6. redintheface

    redintheface Pianissimo User

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    Bath, UK
    Wow, I just spent the last three weeks reading every single post in one go!

    Now it's 1.00am on Christmas morning here in NZ, and I forgot to go shopping for a tree or presents - oh well, spent the money on a picc anyway ROFL

    Serious questions though, and deserve serious consideration. I remember doing schoolboy acoustics back in the late 1700s, and if I remember rightly, the standing wave (of the resonant frequency) in a pipe starts and ends somewhere OUTSIDE the pipe, and as the frequency increases (to first major overtone/second etc.) the standing wave ends draw in closer to the end of the pipe. This has the effect of making the relative tuning between the natural overtones within a pipe actually not in tune.

    So if we start at low C on a Bb instrument, the end of the standing wave is further from the end of the bell than G in the stave, which is further from the bell than C in the stave, and so on. The difference might be minute, but that's what we are working with here - fractions of an inch.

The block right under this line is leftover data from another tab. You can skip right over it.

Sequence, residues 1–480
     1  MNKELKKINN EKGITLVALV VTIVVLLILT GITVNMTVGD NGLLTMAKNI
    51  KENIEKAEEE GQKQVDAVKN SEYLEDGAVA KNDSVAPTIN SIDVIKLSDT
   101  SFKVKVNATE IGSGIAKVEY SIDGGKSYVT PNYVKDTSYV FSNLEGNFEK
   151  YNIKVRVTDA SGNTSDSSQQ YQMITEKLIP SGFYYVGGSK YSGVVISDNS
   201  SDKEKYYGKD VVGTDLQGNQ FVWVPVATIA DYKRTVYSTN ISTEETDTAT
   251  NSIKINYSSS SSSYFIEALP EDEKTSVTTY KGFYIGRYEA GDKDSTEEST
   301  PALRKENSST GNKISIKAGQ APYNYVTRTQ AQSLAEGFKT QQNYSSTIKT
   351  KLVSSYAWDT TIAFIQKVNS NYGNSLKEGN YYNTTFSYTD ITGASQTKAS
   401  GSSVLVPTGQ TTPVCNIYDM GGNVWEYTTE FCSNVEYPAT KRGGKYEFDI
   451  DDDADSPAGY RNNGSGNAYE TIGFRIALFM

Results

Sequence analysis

Trouble is, I can't remember if it makes it sharp as you go up the overtones, or flat.

    Also, I haven't read in any post exactly what note people are tuning their instruments to, and whether they have tried tuning to different notes (low C, mid G, mid C etc.) and whether or not Dr. Mark's theory still holds true.

    Can anyone shed any light on this?
     
  7. gmonady

    gmonady Utimate User

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    Dayton, Ohio
    So... You've been drinking the spiked eggnog haven't you?:bravo:
     
  8. gmonady

    gmonady Utimate User

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    Dayton, Ohio
    I mean it's Christmas morning. The Lord can shed the light on us all.... from the one star that shines above them all

    Merry Christmas NZ

    (you can wish us this tomorrow)
     
  9. wlindseypoole

    wlindseypoole New Friend

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    Nah gmonady- I'm lactose intolerant, so i skipped on the eggnog and went straight to the spiked part instead ROFL
     
  10. wlindseypoole

    wlindseypoole New Friend

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    Tallahassee, FL
    OK- so I lied. I'm NOT really lactose intolerant, I just didnt want it interfering with the spike :oops: